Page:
Accountability groups are a good source of support, strength, and ideas that can help you take your ideas from dream to reality. If you are part of one, make plans to use it more strategically from today forward. If you are not part of one, take this opportunity to join or create one. You will be glad you did.
Over the past year, I learned accountability groups must grow and develop with their members.
Between the end of one year and the beginning of the next people all across the country make plans to do big, bold and audacious things. They get excited about the possibility of moving their ideas from dream to reality. Often they think about what they can do on their own and what they will need to help to accomplish. This is a good thing. If you are thinking about your goals and plans for the next year and understand that there is strength to be found in using a team to help you reach your goals.
Accountability groups are groups of people who team up to help each member reach their goals by requiring each member to be accountable to the other members. Typically the groups meet in person, via video conference, or by telephone on a regular basis to talk, share ideas, and hold each other accountable. At their best, these groups are small so that all members get to know each other, interact on a regular basis, and feel comfortable sharing their secrets, thoughts, and feelings in the group. When accountability groups get too large, members feel like they are dealing with strangers. Large groups also make it possible for members to disappear in the crowd and not actually be held accountable. With smaller accountability groups, members feel as though they know each other. When the members know each other it is harder for them to disappear because they can be called out by name by the other members of the group.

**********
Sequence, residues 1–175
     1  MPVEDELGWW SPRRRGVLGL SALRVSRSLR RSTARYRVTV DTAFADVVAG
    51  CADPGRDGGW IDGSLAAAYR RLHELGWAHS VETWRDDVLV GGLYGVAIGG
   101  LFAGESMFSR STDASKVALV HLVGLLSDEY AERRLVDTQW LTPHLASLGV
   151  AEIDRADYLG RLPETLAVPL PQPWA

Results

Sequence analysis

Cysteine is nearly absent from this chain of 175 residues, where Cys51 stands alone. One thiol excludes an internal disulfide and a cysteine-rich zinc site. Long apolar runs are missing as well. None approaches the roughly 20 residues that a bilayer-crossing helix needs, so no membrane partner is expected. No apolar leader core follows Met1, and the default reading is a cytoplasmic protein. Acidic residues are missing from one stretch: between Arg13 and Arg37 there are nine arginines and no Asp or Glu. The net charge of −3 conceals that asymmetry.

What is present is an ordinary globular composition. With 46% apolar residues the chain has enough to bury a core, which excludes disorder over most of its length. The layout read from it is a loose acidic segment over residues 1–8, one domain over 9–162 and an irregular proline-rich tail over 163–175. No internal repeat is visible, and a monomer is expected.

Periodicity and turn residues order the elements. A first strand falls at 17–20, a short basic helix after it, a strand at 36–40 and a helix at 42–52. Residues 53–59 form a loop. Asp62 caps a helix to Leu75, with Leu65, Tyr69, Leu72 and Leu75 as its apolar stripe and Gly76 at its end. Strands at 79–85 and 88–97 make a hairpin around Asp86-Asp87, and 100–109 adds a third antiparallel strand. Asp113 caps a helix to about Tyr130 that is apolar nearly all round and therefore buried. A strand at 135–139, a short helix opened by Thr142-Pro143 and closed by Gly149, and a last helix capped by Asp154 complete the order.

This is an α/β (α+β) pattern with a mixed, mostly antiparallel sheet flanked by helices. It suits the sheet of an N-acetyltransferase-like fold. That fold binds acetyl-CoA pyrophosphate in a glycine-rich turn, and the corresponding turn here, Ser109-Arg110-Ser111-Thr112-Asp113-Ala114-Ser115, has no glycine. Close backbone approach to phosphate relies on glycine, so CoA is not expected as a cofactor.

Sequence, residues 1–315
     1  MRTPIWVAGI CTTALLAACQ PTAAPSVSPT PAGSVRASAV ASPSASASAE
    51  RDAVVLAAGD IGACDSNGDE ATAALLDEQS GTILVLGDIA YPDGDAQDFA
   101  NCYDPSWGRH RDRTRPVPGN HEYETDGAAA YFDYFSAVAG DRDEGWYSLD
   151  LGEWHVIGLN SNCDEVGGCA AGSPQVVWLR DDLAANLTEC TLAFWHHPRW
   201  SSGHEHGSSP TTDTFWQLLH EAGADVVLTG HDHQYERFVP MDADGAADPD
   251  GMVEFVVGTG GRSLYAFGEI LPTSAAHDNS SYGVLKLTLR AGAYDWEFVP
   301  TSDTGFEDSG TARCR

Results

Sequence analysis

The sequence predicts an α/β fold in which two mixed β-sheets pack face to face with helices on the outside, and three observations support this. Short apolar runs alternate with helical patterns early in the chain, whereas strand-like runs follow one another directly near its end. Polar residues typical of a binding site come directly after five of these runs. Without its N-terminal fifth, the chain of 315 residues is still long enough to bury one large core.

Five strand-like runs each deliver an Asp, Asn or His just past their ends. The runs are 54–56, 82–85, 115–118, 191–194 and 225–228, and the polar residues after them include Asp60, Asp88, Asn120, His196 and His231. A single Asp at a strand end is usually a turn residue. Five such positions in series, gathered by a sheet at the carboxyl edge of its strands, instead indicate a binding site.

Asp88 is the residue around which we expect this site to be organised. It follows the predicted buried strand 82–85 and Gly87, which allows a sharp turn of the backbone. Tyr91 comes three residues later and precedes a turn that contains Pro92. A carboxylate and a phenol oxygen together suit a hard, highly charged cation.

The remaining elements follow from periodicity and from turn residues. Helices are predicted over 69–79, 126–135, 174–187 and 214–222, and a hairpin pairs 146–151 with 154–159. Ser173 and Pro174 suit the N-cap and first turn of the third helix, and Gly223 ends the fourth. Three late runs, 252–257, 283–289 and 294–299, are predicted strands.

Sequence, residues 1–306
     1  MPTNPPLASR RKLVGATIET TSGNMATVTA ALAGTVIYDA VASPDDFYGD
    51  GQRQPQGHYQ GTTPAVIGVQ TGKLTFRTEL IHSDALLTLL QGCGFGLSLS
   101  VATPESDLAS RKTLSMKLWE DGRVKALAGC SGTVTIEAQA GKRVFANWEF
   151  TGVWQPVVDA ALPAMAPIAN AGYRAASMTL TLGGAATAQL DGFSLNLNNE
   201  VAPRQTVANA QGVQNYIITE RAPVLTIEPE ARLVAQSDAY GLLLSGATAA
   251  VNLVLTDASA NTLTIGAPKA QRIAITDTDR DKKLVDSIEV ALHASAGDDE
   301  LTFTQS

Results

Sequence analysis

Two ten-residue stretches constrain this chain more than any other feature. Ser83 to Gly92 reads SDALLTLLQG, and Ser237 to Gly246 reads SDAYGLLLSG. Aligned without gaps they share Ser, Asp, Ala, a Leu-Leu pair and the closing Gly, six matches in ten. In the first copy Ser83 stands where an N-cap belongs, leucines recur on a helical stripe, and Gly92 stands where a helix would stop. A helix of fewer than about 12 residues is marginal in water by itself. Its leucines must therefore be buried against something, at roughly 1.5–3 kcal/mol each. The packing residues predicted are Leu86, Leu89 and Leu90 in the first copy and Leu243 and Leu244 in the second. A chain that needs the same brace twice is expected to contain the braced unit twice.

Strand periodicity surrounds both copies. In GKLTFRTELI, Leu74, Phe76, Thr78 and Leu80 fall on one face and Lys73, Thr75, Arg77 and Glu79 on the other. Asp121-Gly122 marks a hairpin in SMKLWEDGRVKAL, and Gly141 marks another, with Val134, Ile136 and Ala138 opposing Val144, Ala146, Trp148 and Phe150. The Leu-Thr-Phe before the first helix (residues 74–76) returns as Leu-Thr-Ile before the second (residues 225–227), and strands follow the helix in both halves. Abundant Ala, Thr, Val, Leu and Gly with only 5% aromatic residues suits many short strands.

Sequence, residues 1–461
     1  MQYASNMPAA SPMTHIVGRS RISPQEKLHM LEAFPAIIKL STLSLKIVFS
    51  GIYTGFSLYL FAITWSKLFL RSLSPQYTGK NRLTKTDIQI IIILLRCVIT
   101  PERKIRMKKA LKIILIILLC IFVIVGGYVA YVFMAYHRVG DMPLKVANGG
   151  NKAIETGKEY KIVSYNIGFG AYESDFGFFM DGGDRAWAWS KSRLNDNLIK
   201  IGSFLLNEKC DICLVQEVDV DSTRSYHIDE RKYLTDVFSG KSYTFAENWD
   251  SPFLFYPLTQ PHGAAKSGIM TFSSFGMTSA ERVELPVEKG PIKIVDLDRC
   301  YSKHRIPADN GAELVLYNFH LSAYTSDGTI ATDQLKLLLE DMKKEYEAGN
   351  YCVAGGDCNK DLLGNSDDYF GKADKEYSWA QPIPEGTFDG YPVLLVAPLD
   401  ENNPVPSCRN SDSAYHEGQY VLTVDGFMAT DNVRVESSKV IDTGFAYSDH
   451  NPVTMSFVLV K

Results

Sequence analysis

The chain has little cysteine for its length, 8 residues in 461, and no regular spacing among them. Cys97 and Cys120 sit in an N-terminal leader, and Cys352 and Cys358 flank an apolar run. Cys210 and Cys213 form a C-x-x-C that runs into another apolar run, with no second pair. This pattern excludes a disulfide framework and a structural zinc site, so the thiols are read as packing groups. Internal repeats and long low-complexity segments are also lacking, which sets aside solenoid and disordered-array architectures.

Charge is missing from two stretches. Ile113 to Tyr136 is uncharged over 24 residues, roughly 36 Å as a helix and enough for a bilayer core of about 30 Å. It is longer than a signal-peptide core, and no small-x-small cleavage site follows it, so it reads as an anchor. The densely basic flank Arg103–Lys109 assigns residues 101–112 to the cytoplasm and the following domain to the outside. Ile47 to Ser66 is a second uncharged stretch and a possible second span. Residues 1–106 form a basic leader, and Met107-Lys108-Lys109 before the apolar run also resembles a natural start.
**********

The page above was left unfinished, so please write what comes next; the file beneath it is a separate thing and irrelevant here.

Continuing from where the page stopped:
One thing to keep in mind is that accountability groups change and develop over time as do the members. During the past year, I was part of three different accountability groups.
My personal accountability group has been in existence for the past five years. Two friends and I started the group after a business conference. We met every other week for several years. Then one of the members dropped off and just two of us continued to meet. The two of us became friends and worked together in a variety of ways both personal and professional. At our accountability meetings, we only discuss our personal accountability issues. We share goals and plans and work hard to give each other support advice and accountability. This year the two of us introduced a new member to our accountability group. This year I learned that new people can be brought into the personal accountability group and though they change the atmosphere, it can be a good thing.
For business, I have been part of a mastermind group for the past two years. Our group was formed to work our way through business improvement projects. Over the course of two years members left the group as their projects were completed or they decided to move on to other things. Over the past two years, our group shrunk from ten women to three. We have held steady at three members for the past nine months. As the group shrank in size we learned what each person was capable of doing. We got a clear understanding of which member was best at which type of advice and assistance. As the group shrank in numbers it became better, stronger, and more of a resource to its members. This year I learned that small can be spectacular when it comes to accountability groups.